Kyler Gray and Madeline Mills decided to leave behind the small towns and structured activities they grew up around to discover their own paths at one of the largest universities in the nation.
“By far the best decision I’ve ever made,” Gray said. “Without a doubt, UCF has made me the person I am.”
Now, as juniors, the two best friends have decided they want to leave their impression on the university that’s molded them into who they are by running for SGA student body president and vice president.
If elected, they said their hope is to provide students with similar positive experiences.
“That’s what we’re trying do — enhance the student experience and make it so memorable and so life changing that people will never forget how much UCF changed their [lives],” said Gray, public administration major running for president.
When Mills and Gray first got involved with SGA as freshmen, they said they had no plans to run for president or vice president. Now, they feel they’re the most qualified and passionate for the job.
Gray described the duo as “weirdos” because they love what they do so much.
“That’s why I love UCF,” he said. “Everyone can be who they want to be with no judgement, and that’s exactly what we want to continue with the culture here.”
Mills and Gray launched their campaign with the slogan “Ignite our Future,” representing their collective desire to help students find their strength and passion at UCF.
“We took off when we got to UCF because we were so excited, but some students need help to take off and ignite their futures,” said Mills, political science major on the pre-law track. “Yes, you can be scared, and there may be things in your way, but we want to take down those barriers, and if you have a passion and a heart to make a difference or to be somebody, let us help you be that person.”
A major theme among their extensive campaign platform is student safety. One thing Gray said he’s most determined to improve is the crosswalk at the intersection of Alafaya Trail and University Boulevard. Students frequently cross at the intersection late at night — often when leaving bars around campus, he said.
“Our primary concern is the safety of our students,” Gray said. “We understand you're here for an academic experience, but you can’t have a quality academic experience if you don’t feel safe on campus.”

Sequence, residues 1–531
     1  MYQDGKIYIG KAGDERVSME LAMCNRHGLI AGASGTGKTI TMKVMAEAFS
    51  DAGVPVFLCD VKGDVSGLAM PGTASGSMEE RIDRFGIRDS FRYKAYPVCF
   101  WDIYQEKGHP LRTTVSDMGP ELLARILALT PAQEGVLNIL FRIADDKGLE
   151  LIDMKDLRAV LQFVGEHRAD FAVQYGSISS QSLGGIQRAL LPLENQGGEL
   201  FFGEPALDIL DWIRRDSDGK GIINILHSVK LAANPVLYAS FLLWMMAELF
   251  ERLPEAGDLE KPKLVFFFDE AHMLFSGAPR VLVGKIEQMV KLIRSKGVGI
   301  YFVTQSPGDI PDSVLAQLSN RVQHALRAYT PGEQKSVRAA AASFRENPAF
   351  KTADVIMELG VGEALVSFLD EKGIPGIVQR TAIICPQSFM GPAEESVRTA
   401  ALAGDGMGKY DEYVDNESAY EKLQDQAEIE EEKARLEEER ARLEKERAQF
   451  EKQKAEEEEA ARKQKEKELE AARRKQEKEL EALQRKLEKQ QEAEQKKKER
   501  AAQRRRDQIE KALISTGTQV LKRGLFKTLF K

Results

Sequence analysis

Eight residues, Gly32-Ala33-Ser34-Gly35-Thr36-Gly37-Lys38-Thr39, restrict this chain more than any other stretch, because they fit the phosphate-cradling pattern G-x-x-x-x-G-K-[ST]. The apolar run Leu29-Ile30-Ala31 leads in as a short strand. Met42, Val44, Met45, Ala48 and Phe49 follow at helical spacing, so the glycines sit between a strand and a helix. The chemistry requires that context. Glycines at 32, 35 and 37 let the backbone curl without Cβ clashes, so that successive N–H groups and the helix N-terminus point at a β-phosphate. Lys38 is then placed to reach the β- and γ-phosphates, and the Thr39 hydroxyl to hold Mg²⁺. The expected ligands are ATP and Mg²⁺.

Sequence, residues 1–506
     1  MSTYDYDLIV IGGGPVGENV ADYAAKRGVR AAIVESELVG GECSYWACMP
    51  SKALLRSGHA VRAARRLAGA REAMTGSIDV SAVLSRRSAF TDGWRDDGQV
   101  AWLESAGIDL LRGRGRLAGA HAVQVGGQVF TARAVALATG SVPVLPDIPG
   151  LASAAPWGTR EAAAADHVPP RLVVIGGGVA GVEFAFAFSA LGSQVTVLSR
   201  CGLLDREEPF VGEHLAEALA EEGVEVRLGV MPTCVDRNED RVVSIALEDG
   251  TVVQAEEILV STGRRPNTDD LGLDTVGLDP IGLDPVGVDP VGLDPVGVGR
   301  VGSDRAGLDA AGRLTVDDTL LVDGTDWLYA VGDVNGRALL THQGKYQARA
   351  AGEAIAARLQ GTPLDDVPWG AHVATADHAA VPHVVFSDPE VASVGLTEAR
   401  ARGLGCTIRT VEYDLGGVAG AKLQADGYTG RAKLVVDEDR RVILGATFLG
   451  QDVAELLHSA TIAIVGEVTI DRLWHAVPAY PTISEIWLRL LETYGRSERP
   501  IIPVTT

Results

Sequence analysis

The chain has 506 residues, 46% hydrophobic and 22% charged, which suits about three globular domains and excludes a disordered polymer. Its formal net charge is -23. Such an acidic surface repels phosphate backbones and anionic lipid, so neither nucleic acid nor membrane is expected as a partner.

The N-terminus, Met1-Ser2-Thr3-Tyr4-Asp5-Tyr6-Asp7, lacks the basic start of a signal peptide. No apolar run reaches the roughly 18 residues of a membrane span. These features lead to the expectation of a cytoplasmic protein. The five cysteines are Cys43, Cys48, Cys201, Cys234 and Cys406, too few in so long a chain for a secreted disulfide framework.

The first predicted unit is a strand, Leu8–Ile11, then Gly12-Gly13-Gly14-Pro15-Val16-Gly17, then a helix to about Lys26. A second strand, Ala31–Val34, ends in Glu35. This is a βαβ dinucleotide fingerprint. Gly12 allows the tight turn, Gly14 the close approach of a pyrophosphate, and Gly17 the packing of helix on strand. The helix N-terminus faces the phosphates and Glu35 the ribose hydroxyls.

If they win the election, the duo plans to take proactive steps toward safety by installing blue crosswalk lights along the intersection to alert cars when pedestrians are crossing at night. Gray said this solution seems not only affordable, but also feasible and could potentially reduce the number of incidents each semester.
While many aspects of their platform focus on safety, inclusivity and addressing student concerns, some of the items are more whimsical. Mills said one of the things she’s most excited about is bringing electric Lime scooters to campus.
“I think that something everyone gets excited about [is] Lime scooters just because it’s childish,” Mills said. “It’s carefree, and people enjoy them.”
Gray said students have the most powerful voice on campus, which is why it’s so important for the student body president and vice president to listen to students and present their concerns to leadership.
“We’re a grassroots campaign,” he said. “We want to hear your concerns, your ideas [and] your suggestions, so we can facilitate those wants and needs.”
Mills and Gray acknowledged that based on appearance, they’re not the most diverse individuals, but said their experiences have taught them to value diversity, inclusion and equity above all.
“Diversity isn’t based on color," Gray said. "Diversity [is] based on thought."
While at UCF, both have made the most of the resources offered and joined various organizations. Mills, who currently serves as SGA’s director of innovation, said she joined almost everything she possibly could when she came to UCF, including SGA, the LEAD Scholars program and the Panhellenic Council organization Pi Beta Phi.
Gray has had similar involvement as a member of the Interfraternity Council organization Phi Delta Theta and former SGA attorney general. Although their interests often overlap, Mills said their different passions allow them to understand various aspects of campus and student life.
“We’ve seen all different parts of this campus, all different minds, and thoughts and ideas, and we want to bring that to life in our administration if we are lucky enough to win,” Gray said.
Gray said that the titles of president and vice president don’t describe the dynamic he and Mills share. Mills is less of a vice president and more of a co-president, he said.
“Regardless of who’s technically the president, consider us both the president because that’s how we want to run,” Gray said.
Win or lose, Mills said she doesn’t regret her decision to do this with Gray by her side, because he’s believed in her from the very beginning.
“I’m just excited that we get to do this together,” she said. “I couldn’t be [luckier] than to be running with my best friend.”
Gray said he always tells students that even if they don’t vote for him, the most important thing is to get out and vote.
“We like to say that this isn’t a campaign," he said. "It’s a movement. Regardless of [whether] we win or lose, we want students to be engaged and understand the importance of these two roles.”
Voting for the 2019 SGA presidential election will begin Monday and will run through Wednesday. Students can vote on myUCF.